Cbt Essay

5247 Words Sep 4th, 2012 21 Pages
An Introduction to Cognitive Behavioural Therapy: A Case Study Focusing on a Patient with Generalised Anxiety Disorder.

This essay will provide an understanding of the principles of Cognitive Behaviour Therapy and its application to a case study of someone who has mild to moderate health problems. It aims to critically evaluate the principles and philosophy that underpin cognitive behaviour theory, whist demonstrating an understanding of fundamental cognitive behavioural strategies, and finally to critically appraise the evidence base of appropriate treatment methods. For the purpose of the assignment and in accordance to British Association for Behavioural and Cognitive Psychotherapies (BABCP, 2010:7) Standards of Conduct,
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CBT theorists therefore imply that if an individual can change the way that they think about an event they can feel differently about it, which in turn will impact on their reaction. For example, if an individual is exposed to a feared event and they are able to cope effectively; their anxiety will reduce when faced with the same situation in the future. However, if they perceive that they have been unsuccessful in coping then their anxiety could increase.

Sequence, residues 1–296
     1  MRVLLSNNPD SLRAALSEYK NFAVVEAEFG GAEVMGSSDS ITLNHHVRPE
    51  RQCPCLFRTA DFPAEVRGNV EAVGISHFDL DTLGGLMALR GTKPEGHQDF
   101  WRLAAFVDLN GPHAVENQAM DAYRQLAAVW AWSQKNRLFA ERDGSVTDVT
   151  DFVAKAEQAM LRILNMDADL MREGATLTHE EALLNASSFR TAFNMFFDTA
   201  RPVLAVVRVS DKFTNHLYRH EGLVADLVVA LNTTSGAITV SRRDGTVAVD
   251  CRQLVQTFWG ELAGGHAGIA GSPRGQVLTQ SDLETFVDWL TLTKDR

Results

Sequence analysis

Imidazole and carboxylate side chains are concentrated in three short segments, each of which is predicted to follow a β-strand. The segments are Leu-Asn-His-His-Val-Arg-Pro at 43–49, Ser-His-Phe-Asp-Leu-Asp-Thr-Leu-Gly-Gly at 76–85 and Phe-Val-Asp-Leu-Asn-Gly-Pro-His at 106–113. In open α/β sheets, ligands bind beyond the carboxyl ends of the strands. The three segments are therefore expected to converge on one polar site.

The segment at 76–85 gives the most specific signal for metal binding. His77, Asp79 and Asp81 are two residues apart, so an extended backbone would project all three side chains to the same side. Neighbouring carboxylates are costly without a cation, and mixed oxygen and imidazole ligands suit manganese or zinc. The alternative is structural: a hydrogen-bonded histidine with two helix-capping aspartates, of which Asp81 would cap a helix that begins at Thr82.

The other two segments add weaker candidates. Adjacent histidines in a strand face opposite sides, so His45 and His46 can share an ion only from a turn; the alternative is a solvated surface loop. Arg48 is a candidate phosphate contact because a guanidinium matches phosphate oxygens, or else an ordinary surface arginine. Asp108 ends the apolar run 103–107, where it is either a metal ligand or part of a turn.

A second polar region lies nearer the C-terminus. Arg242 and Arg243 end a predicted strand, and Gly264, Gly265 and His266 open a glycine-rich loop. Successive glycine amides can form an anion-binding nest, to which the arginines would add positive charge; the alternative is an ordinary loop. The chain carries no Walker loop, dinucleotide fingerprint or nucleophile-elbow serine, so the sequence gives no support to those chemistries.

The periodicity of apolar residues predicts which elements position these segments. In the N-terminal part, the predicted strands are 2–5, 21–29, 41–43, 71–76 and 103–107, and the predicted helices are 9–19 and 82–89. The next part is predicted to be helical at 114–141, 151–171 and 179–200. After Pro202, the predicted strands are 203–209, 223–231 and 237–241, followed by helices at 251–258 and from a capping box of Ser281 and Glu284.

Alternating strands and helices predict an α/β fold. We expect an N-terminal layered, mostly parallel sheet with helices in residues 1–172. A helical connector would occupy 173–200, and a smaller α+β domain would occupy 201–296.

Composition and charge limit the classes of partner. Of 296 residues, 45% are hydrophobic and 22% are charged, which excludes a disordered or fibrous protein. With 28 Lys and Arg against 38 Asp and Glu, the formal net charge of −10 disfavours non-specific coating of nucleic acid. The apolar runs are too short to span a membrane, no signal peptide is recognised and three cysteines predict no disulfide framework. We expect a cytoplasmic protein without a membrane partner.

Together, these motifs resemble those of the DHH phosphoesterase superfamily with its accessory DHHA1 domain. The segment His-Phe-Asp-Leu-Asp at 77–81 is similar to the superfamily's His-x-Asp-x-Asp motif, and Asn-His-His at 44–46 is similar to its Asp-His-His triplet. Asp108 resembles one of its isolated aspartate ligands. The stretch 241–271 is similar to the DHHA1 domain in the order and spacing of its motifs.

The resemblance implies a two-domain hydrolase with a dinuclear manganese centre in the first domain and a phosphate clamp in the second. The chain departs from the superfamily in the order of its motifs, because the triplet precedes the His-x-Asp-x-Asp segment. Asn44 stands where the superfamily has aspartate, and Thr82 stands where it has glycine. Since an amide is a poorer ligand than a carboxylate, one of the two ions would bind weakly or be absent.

Clark et al (1999) identified three levels of cognition which underpin the practice of CBT: full consciousness, automatic thoughts and schemas. Consciousness relates to an individual being able to make rationale decisions of which they are fully aware of. Automatic thoughts are more independent and may not be accurate in content, but they appear in everyday thinking. Schemas are the deepest level of cognitions which develop from childhood and help the individual develop rules for life. (Wright, 2006).

Beck (1979) argues that individuals are more likely to be influenced by their cognitive biases and as a result they tend to interpret life events in an exaggerated, personalized, and negative manner. It is the immediate NATs that are associated with problematic behaviour and disturbing emotions. Leahy (2003) suggests that NATs can contain cognitive distortions such as mind reading, personalizing, labelling, fortune telling, catastrophising, or dichotomous

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